1. SOLVENCY RATIOS
2. PROFITABILITY RATIOS
3. ACTIVITY RATIOS
If you monitor the ratios on a regular basis youʹll gain insight into how effectively you are
managing your business.
Lenders also like to evaluate risk by using several sets of ratios; ratios of assets to liabilities, and
ratios of lender‐investor dollars to owner‐investor dollars. Recognize that ratios are indicators and
that only you can tell the full story about your business. So the more adept you are at explaining
your financial ratios to your lender, the better sheʹll understand your business as she makes a
SOLVENCY ‐ Financial ratios in this category measure the companyʹs capacity to pay its debts as
they come due.
Definition: The ratio between all current assets and all current liabilities; another way of
Formula: Current Assets
Analysis: 1:1 current ratio means; the company has $1.00 in current assets to cover
each $1.00 in current liabilities. Look for a current ratio above 1:1 and as close
to 2:1 as possible.
One problem with the current ratio is that it ignores timing of cash received
and paid out. For example, if all the bills are due this week, and inventory is
the only current asset, but wonʹt be sold until the end of the month, the
current ratio tells very little about the companyʹs ability to survive.
Quick Ratio ‐ Indicator of the businessesʹ vulnerability to risk. These ratios are often used by
creditors to determine the ability of the business to repay loans.
Definition: The ratio between all assets quickly convertible into cash and all current
liabilities. Specifically excludes inventory.
Formula: Cash + Accounts Receivable
Analysis: Indicates the extent to which you could pay current liabilities without
relying on the sale of inventory ‐‐ how quickly you can pay your bills.
Generally, a ratio of 1:1 is good and indicates you donʹt have to rely on the
sale of inventory to pay the bills.
Although a little better than the Current ratio, the Quick ratio still ignores
timing of receipts and payments.
Debt to Equity
Definition: Shows the ratio between capital invested by the owners and the funds
provided by lenders.
Analysis: Comparison of how much of the business was financed through debt and
how much was financed through equity. For this calculation it is common
practice to include loans from owners in equity rather than in debt.
The higher the ratio, the greater the risk to a present or future creditor.
Look for a debt to equity ratio in the range of 1:1 to 4:1
Most lenders have credit guidelines and limits for the debt to equity ratio
(2:1 is a commonly used limit for small business loans).
Too much debt can put your business at risk... but too little debt may mean
you are not realizing the full potential of your business ‐‐ and may actually
hurt your overall profitability. This is particularly true for larger companies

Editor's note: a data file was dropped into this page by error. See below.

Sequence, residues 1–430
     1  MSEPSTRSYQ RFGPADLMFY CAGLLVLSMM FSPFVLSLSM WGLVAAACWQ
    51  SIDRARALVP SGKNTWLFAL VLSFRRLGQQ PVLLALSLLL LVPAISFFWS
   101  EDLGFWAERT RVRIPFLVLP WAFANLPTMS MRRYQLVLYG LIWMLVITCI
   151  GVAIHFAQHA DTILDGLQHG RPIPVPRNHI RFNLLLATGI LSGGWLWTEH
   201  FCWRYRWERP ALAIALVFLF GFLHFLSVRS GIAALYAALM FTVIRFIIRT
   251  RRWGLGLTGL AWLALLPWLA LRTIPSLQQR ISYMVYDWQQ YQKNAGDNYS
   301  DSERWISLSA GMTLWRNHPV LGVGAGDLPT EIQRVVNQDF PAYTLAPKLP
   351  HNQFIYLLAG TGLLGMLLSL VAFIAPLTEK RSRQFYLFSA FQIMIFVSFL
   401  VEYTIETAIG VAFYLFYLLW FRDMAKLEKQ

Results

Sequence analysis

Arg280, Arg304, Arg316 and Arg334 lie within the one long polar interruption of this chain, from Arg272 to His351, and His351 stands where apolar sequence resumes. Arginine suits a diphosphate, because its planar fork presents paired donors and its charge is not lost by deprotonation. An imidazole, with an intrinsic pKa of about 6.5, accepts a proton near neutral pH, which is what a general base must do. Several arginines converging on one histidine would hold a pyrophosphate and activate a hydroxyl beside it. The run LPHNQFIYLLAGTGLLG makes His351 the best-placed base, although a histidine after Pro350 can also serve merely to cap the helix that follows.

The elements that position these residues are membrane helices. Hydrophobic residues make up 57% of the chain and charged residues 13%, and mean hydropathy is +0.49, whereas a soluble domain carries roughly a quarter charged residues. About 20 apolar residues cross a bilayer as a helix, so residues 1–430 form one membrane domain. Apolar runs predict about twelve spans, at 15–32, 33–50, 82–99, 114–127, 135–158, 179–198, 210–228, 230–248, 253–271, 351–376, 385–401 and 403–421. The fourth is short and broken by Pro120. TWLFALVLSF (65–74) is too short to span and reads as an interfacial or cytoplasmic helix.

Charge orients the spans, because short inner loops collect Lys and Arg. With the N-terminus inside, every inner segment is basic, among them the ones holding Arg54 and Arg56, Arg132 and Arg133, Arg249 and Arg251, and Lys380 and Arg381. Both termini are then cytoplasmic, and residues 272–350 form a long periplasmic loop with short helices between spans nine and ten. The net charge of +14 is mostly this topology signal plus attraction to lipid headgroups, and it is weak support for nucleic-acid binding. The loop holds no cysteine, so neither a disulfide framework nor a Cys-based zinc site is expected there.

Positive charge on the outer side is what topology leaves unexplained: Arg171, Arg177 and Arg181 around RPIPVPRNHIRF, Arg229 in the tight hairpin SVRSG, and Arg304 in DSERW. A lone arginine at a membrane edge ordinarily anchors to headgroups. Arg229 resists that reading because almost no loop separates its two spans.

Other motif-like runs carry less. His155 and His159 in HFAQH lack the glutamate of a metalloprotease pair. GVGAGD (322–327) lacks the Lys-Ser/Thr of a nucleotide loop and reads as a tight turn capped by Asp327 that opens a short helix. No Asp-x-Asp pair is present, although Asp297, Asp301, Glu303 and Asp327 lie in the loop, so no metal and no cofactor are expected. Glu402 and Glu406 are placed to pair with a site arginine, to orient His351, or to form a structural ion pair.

where shareholders want a higher reward (dividend rate) than lenders
(interest rate). If you think that you might be in this situation, talk to your
accountant or financial advisor.
PROFITABILITY ‐ measure the ability of the business to make a profit.
Definition: Percentage increase (or decrease) in sales between two time periods.
Formula: Current Yearʹs sales ‐ Last Yearʹs sales
Last Yearʹs sales
Note: substitute sales for a month or quarter for a shorter term trend.
Analysis: Look for a steady increase in sales.
If overall costs and inflation are on the rise, then you should watch for a
related increase in your sales... if not, then this is an indicator that your Prices
are not keeping up with your costs.
Return on Equity ‐ ROE
Definition: Determines the rate of return on your investment in the business. As an
owner or shareholder this is one of the most important ratios as it shows the
hard fact about the business ‐‐ are you making enough of a profit to
compensate you for the risk of being in business?
Formula: Net Profit
Analysis: Compare the return on equity to other investment alternatives, such as a
savings account, stock or bond.
Compare your ratio to other businesses in the same or similar industry.
Return on Asset – ROA
Definition: Considered a measure of how effectively assets are used to generate a return.
(This ratio is not very useful for most businesses.)
Formula: Net Profit
Analysis: ROA shows the amount of income for every dollar tied up in assets.
Year to year trends may be an indicator ... but watch out for changes in the
total asset figure as you depreciate your assets (a decrease or increase in the
denominator can effect the ratio and doesnʹt necessisarily mean the business
is improving or declining.
Earning per Share
Definition: Measures the size of the dividends that a firm can pay shareholders
Formula: Net Income
Number of Common Shares Outstanding
Analysis: Investors use this ratio to decide whether to buy or to sell a company’s
stock. As a ratio gets higher, the stock value increases, because investors
know that the firm can better afford to pay dividends.
ACTIVITY RATIOS – The efficiency with which a firm uses resources
Inventory Turnover Ratio
Definition: Number of times that you turn over (or sell) inventory during the year.
Formula: Cost of Goods Sold
Analysis: Generally, a high inventory turnover is an indicator of good inventory
But a high ratio can also mean there is a shortage of inventory.
A low turnover may indicate overstocking, or obsolete inventory.
Compare to industry standards.